The Football Association has backed Gareth Southgate following England’s disappointing Nations League results this month and reassured the manager that his position is safe.
Southgate’s side took just two points from their four Nations League fixtures, and were beaten home and away by Hungary. The 4-0 defeat at Molineux was England’s biggest home defeat in 94 years.
England are three points behind third-placed Italy in their four-team group with just two matches remaining, meaning they are in real danger of being relegated from the Nations League’s top tier.
However, Southgate’s job is currently safe and he remains the manager the FA wants to lead England into the World Cup in Qatar later this year.
“My personal opinion on Gareth is that he is, by the facts on the pitch, the most successful England manager we’ve had for 55 years,” Debbie Hewitt, who took over as FA chair in January, said.
“The bit people don’t see as much is the Gareth at camp and the culture he’s created.
“Certainly prior to Gareth being the manager of England, there was not the pride of wearing the England shirt. There were the club rivalries we’d read about. The players not getting on.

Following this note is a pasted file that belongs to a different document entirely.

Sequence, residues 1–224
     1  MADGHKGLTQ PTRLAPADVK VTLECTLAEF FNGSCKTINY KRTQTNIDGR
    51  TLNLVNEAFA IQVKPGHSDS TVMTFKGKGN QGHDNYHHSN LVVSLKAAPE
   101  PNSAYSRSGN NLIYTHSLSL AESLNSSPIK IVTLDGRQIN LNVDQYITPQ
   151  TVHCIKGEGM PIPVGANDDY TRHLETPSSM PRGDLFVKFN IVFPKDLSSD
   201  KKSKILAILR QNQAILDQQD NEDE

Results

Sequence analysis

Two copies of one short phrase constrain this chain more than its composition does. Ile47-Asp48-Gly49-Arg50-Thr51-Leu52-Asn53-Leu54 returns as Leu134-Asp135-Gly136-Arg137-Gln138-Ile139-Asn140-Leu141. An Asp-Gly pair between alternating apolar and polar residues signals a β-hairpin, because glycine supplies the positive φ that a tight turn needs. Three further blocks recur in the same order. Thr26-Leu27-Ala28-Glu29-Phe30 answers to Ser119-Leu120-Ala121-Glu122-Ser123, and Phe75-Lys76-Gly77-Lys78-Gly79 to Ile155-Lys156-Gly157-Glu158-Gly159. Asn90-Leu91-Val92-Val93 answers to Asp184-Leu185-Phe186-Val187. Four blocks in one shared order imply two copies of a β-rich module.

“He’s changed that beyond recognition and I’ve seen that first hand.
“I’d also say that I don’t just work in football, I work in business and I’ve worked with a lot of chief executives and Gareth’s skills – his high IQ and high EQ – would make him a chief exec in any sphere.
“That resilience and accountability (are) the two qualities I admire most. There are no slopey shoulders, he doesn’t huff, he’s resilient and that’s what you want in an England manager.”
Hewitt said Southgate’s response to her reassurances were true to form.
She added: “Gareth’s reaction, as in everything to that kind of conversation, is always ‘it’s my accountability, and there’s always something to learn’.
England’s Hungary horror show in stats
- England lost a home match by four or more goals for the first time since March 1928, when they lost 5-1 to Scotland.
- Hungary became the first team to score four goals in an away match against England since the Hungarians themselves won 6-3 at Wembley in November 1953.
- England’s first defeat by four or more goals since May 1964, when they lost 5-1 to Brazil in a friendly.
- Only the second time England lost by four or more goals without scoring, along with a 5-0 defeat to Yugoslavia in May 1958, and the first time ever on home soil.
- England have gone four consecutive matches without a win for the first time since a run of five in 2014.
- England have scored just one goal over a period of four games for the first time since a run between October 2006 and March 2007.